Your Member Benefits Website features include:

  • Access to online articles with helpful information
  • Ability to submit an online form asking a counselor to contact you
  • Topics covering working life, wellness, parenting, management, etc.

Your Customer Hub features include:

  • Automated headcount updates in UCMS
  • Invoicing reflective of the active populations under your account
  • Access reporting with case trends, disruptive issues, utilisation

Local Service Partners

Local Service Partners are independent EAPs with which WPO has established strategic relationships for the delivery of global EAP services in alignment with the WPO models, processes and quality standards.

  • 27 January 2022
  • 2 years

Millennials and Mental Health

Eliza Redlus, MA

Clinical Trainer

Between 2007 and 2009, we experienced what has come to be known as the Great Recession here in the United States, a period of economic decline when we saw the housing market collapse, income inequality increase, and per capita household wealth fall. This decline affected all generations of Americans but took an especially significant financial and emotional toll on millennials (those born between 1981-1996), who were just entering adulthood during these years. At a time when they expected to be enjoying the first tastes of independence, millennials instead found themselves facing an uncertain job market, declining wages, high student loan debt, and limited savings potential compared to previous generations. A 2018 report by the Federal Reserve Bank of St. Louis found that people born in the 1980s had wealth levels that were 34 percent below where they would have been had there not been a recession. As a result of these circumstances, many millennials were forced to accept lower paying jobs, forego medical care, and delay major life changes, such as buying a home, getting married, and having children. Moreover, as one of the first highly “connected” generations, they found themselves increasingly turning to social media for information and escape, which ultimately served to foster comparisons and to heighten feelings of inadequacy. All these factors contributed to increasing rates of depression, stress, and anxiety among millennials, and research supports the notion that millennials were indeed already suffering from declining mental health when the COVID-19 Pandemic hit.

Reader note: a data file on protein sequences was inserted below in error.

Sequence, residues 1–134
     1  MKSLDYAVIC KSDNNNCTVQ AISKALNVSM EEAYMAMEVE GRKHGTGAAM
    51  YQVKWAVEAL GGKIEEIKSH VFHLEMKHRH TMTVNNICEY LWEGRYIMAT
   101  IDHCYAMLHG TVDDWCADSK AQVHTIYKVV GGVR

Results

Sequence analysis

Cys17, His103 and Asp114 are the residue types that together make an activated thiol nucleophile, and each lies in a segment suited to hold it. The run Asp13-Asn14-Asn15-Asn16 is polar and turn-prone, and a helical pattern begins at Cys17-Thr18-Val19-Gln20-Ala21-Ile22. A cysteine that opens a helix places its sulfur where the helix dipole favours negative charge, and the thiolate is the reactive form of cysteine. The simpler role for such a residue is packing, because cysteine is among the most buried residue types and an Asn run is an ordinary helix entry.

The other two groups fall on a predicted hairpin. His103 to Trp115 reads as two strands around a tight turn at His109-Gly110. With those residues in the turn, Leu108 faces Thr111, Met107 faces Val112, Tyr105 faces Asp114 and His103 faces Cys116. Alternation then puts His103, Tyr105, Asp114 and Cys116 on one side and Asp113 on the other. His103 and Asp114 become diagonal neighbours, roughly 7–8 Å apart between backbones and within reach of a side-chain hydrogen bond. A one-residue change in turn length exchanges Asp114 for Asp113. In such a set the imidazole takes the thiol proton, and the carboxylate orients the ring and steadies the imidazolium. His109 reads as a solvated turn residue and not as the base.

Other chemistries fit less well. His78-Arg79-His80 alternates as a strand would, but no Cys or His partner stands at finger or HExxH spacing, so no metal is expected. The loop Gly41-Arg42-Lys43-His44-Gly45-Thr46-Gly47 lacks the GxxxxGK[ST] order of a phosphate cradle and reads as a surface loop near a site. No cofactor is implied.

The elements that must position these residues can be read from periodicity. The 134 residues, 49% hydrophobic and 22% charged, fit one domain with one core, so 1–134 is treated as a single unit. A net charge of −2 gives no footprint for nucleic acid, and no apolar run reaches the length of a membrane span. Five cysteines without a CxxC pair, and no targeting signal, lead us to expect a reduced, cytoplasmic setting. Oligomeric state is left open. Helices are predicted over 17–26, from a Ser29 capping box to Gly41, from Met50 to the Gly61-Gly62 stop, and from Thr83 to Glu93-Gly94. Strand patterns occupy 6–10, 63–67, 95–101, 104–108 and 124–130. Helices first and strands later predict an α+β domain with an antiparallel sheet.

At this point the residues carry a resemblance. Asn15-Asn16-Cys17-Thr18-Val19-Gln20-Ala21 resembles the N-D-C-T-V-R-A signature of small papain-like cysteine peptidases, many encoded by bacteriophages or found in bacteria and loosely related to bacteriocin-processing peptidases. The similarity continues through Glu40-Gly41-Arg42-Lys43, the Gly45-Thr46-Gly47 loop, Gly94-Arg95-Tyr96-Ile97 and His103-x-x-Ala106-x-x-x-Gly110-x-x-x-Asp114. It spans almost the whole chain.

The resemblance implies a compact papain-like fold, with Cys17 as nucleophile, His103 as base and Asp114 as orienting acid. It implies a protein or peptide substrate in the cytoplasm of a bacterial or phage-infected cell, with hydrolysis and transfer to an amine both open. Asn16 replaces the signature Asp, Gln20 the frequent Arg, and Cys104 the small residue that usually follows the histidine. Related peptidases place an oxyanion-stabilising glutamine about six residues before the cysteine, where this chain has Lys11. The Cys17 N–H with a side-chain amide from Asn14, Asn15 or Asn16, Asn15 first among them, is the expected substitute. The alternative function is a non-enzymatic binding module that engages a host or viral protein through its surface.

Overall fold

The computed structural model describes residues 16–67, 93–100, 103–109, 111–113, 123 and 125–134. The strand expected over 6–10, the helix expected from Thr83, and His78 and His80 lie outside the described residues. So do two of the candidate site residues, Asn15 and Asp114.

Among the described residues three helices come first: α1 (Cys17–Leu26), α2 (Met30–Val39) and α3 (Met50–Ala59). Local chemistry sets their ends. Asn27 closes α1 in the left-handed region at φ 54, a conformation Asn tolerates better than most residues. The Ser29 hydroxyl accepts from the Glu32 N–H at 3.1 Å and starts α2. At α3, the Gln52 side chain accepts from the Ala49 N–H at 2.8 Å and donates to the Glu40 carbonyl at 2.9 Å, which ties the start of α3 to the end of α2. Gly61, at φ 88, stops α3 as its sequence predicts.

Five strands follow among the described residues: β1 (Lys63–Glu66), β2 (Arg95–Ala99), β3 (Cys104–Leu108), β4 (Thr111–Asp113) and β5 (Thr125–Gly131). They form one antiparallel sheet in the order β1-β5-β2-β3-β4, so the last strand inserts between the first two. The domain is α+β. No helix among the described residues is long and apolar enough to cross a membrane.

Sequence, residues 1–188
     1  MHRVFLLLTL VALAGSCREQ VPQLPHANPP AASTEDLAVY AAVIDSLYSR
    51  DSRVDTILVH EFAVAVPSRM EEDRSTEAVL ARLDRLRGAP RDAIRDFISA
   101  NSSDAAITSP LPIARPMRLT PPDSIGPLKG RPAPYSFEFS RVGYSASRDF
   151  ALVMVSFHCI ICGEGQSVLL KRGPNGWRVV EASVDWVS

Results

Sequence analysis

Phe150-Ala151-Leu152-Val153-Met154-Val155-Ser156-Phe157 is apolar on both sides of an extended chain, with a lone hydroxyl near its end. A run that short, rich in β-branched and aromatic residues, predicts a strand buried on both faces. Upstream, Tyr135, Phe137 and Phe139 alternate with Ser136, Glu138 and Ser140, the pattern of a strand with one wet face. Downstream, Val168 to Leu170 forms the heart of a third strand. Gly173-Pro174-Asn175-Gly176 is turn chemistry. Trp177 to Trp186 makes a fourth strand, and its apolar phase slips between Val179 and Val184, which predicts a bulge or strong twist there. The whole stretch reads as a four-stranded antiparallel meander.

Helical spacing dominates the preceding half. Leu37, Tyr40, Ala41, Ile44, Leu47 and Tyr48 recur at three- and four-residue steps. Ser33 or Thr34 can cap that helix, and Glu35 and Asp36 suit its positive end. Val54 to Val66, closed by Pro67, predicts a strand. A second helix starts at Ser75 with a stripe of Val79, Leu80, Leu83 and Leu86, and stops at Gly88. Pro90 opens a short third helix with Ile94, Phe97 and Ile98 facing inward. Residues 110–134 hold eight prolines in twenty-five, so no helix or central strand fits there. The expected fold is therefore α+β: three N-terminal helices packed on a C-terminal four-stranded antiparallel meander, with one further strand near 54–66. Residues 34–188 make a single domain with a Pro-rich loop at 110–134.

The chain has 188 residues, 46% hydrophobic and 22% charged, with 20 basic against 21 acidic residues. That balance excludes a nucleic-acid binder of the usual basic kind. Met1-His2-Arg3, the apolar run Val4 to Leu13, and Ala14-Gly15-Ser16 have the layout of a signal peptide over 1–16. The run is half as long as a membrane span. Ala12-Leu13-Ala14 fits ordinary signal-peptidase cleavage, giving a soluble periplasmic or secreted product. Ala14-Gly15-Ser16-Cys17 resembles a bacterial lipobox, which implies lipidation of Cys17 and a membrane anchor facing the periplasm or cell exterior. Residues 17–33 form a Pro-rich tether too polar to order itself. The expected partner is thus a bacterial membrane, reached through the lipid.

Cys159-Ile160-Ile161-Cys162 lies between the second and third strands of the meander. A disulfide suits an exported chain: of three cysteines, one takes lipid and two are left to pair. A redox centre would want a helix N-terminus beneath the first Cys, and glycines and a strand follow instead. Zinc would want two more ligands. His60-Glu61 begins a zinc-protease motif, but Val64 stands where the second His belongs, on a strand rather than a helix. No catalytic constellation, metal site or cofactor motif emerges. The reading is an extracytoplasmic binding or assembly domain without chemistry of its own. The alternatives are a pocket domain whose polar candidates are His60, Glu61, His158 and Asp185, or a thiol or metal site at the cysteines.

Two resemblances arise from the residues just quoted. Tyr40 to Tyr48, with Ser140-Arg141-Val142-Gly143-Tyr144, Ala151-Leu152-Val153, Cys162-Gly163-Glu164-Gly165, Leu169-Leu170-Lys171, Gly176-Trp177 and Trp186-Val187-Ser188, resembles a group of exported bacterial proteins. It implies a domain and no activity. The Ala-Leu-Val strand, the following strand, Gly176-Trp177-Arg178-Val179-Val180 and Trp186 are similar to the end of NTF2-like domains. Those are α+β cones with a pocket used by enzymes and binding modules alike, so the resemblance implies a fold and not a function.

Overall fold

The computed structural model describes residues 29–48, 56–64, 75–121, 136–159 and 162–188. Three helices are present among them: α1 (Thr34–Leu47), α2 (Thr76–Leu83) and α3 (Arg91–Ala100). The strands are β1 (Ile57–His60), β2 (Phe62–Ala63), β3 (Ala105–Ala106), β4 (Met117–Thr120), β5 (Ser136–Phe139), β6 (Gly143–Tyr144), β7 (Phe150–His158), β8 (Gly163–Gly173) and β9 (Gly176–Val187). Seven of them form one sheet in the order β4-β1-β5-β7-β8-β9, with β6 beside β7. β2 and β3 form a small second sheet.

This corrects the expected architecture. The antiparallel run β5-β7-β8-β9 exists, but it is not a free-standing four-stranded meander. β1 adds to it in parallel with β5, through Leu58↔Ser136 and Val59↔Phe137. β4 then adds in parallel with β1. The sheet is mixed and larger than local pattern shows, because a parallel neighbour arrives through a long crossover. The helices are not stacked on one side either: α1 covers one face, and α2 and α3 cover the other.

A study by the Blue Cross Blue Shield Association found that between 2014 and 2020, millennials reported a 43 percent increase in incidences of major depression and a 17 percent increase in substance use disorders. In addition, a 2019 poll found that 30 percent of millennials said that they felt lonely and had no friends, no close friends, or no best friends. This finding reflects the reality of an increasingly online world where many relationships exist solely via chats and “likes” on posts. It would stand to reason, then, that the changes wrought by the pandemic exacerbated these existing mental health concerns for millennials. In fact, a Harris Poll found that nearly one-third of millennials reported a further decline in their mental health due to the pandemic, while a survey by the American Psychological Association on Stress in America found that almost half of millennial respondents confirmed they were struggling with making day-to-day decisions due to stress. While baby boomers and those of the silent generation reported less stress and more financial security than millennials, likely due to having fewer work or family responsibilities and more savings and equity built over time, industries known to employ millennials were hard hit by the pandemic. Therefore, millennials were more likely to experience job loss or a reduction in pay. As a result, any financial recovery that they may have achieved following the recession was at risk of being hindered, if not reversed completely, leading to greater debt and less ability to save for the future. This caused some millennials to delay having children, to decide not to have children at all, or to leave the workforce to care for children in the face of high childcare expenses or lack of available care. Other millennials found themselves sandwiched between caring for young children and aging parents and wondering how to protect the health and well-being of both higher risk populations. Those whose companies transitioned to remote work found themselves struggling with the physical separation from their work teams, the loss of a primary support network, and an increased sense of disengagement and disconnection from work, while the closing of services they came to depend on for quality of life, such as restaurants and gyms, further led to symptoms of isolation, depression, and anxiety. It’s not surprising, then, that we saw an uptick in alcohol use, smoking, vaping, and overdoses among millennials during the pandemic as they tried to cope with their changing life circumstances and an uncertain future.